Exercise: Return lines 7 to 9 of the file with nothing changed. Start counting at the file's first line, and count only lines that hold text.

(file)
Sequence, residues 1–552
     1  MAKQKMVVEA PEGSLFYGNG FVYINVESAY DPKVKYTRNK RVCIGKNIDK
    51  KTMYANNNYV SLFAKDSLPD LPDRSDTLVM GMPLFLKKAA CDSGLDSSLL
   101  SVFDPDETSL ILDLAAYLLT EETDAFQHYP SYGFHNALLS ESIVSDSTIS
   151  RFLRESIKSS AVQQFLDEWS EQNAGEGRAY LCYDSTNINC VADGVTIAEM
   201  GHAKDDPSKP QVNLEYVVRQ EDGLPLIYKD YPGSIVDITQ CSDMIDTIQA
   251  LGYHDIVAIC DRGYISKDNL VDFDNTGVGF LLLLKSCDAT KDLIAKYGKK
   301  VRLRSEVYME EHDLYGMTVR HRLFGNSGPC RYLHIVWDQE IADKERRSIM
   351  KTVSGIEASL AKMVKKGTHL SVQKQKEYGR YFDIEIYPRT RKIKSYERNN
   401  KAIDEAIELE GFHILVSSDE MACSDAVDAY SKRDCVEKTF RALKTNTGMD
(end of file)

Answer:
   251  LGYHDIVAIC DRGYISKDNL VDFDNTGVGF LLLLKSCDAT KDLIAKYGKK
   301  VRLRSEVYME EHDLYGMTVR HRLFGNSGPC RYLHIVWDQE IADKERRSIM
   351  KTVSGIEASL AKMVKKGTHL SVQKQKEYGR YFDIEIYPRT RKIKSYERNN